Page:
10 rare zoo animals and where you can see them

Pics of the rarest zoo animals across the world

With over 17,000 animal species classified as vulnerable, endangered or critically endangered by the International Union for Conservation of Nature, zoos are increasingly becoming the site to find the world's rarest creatures.

Without having to leave your computer, here is a look at 10 of the most unique animals that can be found in captivity in America and abroad, as well as where you can find them.

UNITED STATES:

Albino American alligators

Where to see them: Newport Aquarium (Kentucky)

Photo: Newport Aquarium

A pair of striking white gators joined the ranks at Newport Aquarium in northern Kentucky last November. The 6-foot long creatures, aptly named Snowball and Snowflake, are two of less than 100 known white alligators in the world, according to a release from the Newport Aquarium.

African painted dog

Where to see them: Cincinnati Zoo & Botanical Garden (Ohio)

Photo: Cincinnati Zoo & Botanical Garden

With only 3,000 remaining in existence, the African painted dog is literally a rare breed. The Cincinnati Zoo & Botanical Garden opened an exhibit in June that featured several of the beautiful dogs. The zoo’s website declares the painted dogs are not only one of the most predatory species, but “the rarest species on the African continent.”

Snow leopard

Where to see them: Bronx Zoo (New York)

A signature resident of the Bronx Zoo, the snow leopard has been on display at the site for over a century. The big cats are listed among the world’s most endangered, with an estimated 3,500 to 7,500 left on the planet, according to the Wildlife Conservation Society. Earlier this month, a pair of snow leopard cubs made their public debut at the Bronx Zoo.

Panamanian golden frog

Where to see them: The Maryland Zoo in Baltimore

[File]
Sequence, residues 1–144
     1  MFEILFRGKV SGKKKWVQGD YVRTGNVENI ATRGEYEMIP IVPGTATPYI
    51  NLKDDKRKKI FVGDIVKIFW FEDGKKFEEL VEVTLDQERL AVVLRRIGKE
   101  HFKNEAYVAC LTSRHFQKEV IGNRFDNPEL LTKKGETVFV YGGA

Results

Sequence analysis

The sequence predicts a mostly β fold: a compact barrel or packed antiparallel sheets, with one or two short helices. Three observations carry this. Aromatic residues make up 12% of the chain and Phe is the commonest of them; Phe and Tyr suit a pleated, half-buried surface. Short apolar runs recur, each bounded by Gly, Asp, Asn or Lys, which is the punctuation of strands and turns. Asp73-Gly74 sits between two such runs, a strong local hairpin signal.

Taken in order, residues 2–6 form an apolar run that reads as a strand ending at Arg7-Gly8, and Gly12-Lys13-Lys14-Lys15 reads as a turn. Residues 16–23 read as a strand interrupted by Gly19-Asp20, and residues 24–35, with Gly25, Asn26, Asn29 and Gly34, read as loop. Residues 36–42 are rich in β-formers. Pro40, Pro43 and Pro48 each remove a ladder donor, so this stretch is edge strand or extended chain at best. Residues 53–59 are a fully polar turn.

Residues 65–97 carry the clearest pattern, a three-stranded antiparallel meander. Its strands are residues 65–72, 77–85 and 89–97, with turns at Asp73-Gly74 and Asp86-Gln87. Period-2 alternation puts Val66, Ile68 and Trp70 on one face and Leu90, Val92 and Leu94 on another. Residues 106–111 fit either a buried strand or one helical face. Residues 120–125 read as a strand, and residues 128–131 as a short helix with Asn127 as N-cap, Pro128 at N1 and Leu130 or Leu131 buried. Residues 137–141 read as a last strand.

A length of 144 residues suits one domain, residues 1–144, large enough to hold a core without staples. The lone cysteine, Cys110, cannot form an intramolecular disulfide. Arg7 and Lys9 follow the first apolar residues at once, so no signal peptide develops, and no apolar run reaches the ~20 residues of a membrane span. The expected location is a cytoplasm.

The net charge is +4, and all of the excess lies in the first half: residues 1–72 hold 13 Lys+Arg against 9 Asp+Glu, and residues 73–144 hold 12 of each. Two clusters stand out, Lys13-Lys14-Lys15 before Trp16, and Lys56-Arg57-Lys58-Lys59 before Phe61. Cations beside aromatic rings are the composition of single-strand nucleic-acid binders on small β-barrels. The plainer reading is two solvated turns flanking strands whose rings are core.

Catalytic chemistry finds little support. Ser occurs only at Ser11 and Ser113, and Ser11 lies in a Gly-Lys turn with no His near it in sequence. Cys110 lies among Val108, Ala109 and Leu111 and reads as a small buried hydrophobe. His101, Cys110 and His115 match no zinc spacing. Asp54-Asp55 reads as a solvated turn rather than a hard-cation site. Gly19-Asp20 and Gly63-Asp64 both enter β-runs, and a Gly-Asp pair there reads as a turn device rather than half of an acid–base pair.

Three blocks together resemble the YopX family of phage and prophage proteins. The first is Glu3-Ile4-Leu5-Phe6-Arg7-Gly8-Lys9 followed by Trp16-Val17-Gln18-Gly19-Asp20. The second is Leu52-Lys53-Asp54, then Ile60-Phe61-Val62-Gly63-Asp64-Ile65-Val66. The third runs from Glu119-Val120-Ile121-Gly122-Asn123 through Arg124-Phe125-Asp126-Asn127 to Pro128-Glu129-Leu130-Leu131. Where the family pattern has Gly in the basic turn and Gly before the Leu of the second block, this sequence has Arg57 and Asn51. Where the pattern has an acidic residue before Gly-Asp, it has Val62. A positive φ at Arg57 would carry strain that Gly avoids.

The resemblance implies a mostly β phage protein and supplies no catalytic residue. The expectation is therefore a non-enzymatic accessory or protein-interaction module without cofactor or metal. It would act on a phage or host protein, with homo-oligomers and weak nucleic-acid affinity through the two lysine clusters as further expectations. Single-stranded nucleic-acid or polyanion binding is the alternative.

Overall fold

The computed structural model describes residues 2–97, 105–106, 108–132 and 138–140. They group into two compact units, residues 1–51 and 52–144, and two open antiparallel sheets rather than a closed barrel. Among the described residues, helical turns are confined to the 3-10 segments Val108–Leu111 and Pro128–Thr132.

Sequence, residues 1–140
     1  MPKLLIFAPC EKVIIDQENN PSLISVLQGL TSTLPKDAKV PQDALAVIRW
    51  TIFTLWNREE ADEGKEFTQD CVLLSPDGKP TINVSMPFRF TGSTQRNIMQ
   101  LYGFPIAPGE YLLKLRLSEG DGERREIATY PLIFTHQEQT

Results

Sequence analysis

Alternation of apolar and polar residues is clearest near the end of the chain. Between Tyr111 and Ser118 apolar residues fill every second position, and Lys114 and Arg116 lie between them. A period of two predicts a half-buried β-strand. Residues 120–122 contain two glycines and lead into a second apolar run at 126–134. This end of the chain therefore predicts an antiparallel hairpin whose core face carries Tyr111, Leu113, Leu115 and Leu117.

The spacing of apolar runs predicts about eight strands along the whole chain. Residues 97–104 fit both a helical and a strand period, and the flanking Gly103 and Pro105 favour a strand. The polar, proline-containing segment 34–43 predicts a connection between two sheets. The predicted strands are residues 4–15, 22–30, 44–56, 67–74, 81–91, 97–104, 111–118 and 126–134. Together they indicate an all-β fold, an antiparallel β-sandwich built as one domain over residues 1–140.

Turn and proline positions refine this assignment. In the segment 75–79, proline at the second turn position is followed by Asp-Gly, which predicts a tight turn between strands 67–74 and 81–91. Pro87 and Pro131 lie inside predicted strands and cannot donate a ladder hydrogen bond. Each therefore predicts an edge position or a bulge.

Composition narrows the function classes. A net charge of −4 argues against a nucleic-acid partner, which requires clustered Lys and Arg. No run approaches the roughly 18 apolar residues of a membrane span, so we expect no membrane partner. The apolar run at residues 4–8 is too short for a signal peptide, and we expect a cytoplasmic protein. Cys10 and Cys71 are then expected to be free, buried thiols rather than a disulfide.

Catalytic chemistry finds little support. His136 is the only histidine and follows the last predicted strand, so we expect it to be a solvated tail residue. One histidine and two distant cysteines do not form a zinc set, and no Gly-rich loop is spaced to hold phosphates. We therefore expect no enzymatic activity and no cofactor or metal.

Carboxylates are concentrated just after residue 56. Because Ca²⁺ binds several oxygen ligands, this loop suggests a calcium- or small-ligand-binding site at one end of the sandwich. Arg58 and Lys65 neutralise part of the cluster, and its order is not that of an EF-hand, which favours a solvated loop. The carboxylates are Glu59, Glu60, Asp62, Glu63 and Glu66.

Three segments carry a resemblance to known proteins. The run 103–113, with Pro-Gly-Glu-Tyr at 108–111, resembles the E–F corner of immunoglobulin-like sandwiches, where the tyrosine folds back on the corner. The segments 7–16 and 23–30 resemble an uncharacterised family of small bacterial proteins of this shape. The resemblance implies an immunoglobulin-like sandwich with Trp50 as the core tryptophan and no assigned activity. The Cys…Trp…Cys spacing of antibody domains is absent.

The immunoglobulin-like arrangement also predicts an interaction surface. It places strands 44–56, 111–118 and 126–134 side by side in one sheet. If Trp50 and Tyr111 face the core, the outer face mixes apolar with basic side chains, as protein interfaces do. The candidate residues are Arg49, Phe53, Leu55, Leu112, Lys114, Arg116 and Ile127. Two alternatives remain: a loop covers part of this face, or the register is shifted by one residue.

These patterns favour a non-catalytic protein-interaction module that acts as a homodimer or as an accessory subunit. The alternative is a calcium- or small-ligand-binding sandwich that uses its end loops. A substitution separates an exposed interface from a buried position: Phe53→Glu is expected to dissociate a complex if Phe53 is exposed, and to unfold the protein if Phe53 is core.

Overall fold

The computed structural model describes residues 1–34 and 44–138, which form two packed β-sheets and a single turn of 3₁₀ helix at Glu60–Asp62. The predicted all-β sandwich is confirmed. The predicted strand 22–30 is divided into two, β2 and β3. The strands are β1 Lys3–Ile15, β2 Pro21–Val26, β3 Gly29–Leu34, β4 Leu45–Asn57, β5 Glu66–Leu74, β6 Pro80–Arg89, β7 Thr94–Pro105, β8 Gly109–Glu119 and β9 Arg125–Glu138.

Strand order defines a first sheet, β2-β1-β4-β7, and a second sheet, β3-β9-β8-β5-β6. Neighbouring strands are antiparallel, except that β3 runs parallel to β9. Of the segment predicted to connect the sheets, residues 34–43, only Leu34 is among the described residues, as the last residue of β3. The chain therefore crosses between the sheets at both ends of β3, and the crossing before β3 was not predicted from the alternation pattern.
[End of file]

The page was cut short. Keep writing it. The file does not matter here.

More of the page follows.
Photo: The Maryland Zoo in Baltimore

These gilded amphibians are officially listed as critically endangered but may actually be extinct in the wild, according to The Maryland Zoo. Experts indicate habitat loss, pollution and climate change are among the chief reasons for their demise. The Maryland Zoo is among the world’s leaders in conserving the Panamanian golden frog, being the first institution to breed them in captivity.

Bactrian camel

Where to see them: Minnesota Zoo

Photo: Getty Images, 2013

Typically found in Asia’s Gobi desert, the Bactrian camel is a rarity to see in chilly Minnesota. While the domesticated breed seem to be thriving, wild Bactrian camels are considered near-extinct, according to the International Union for the Conservation of Nature. In addition to the Minnesota Zoo, these camels can be seen at the San Diego Zoo and Detroit Zoo.

Cotton-top tamarin

Where to see them: Lincoln Park Zoo (Illinois)

Photo: Tambako the Jaguar/Flickr

The endangered cotton-top tamarin has one of the flashiest hairstyles in the animal kingdom. Chicago’s Lincoln Park Zoo has been working to conserve the species, which is considered at-risk for extinction because of the illegal pet trade, according to the zoo’s website. These primates are native to Colombia’s rainforests.

Brazilian ocelot

Where to see them: Dallas Zoo (Texas)

Photo: Dallas Zoo

One of the cutest animals on this list of zoo gems, there are only 30 Brazilian ocelots in zoos across America, according to CBS Dallas-Fort Worth. The cub pictured here was born in June at the Dallas Zoo, giving that facility three of these uncommon creatures. While ocelots are not endangered in the wild, they are hard to find in captivity in North America.

AROUND THE GLOBE:

Lord Howe Island stick insect

Where to see them: Melbourne Zoo (Australia)

Photo: Rohan Cleave/Melbourne Zoo

This green insect, also known as a tree lobster, was thought to be extinct for years due to predatory rats but in 2001, more were discovered off the coast of Lord Howe Island between Australia and New Zealand. Australia’s Melbourne Zoo estimates there are only 20 to 30 left in existence. The San Diego Zoo also had a collection of the endangered insects in 2012.

Sumatran tiger

Where to see them: London Zoo (United Kingdom)

Photo: Zoological Society of London

More gorgeous cats, the London Zoo’s Sumatran tiger family are another global rarity. After numbering around 1,000 globally in the 1970s, there are an estimated 300 left in the wild today, according to The Independent. The zoo made news in February, when a five-year-old tigress gave birth to triplets.

Burmese star tortoise

Where to see them: Toronto Zoo (Canada)

Photo: Toronto Zoo

The Toronto Zoo made news this week as the site of Canada’s first Burmese star tortoise birth. The tortoise’s population has declined steadily due to mass harvesting for the food market, according to a release from the zoo. Of the nine eggs laid on Jan. 21, this baby’s was the only one that proved to be fertile.

This map from Roadtrippers.com plots out where these rare species can be found, so set your GPS now!

Rare Zoo Animals | My Bucket List itinerary on Roadtrippers.com!

Follow this writer on Twitter @MrClintDavis.

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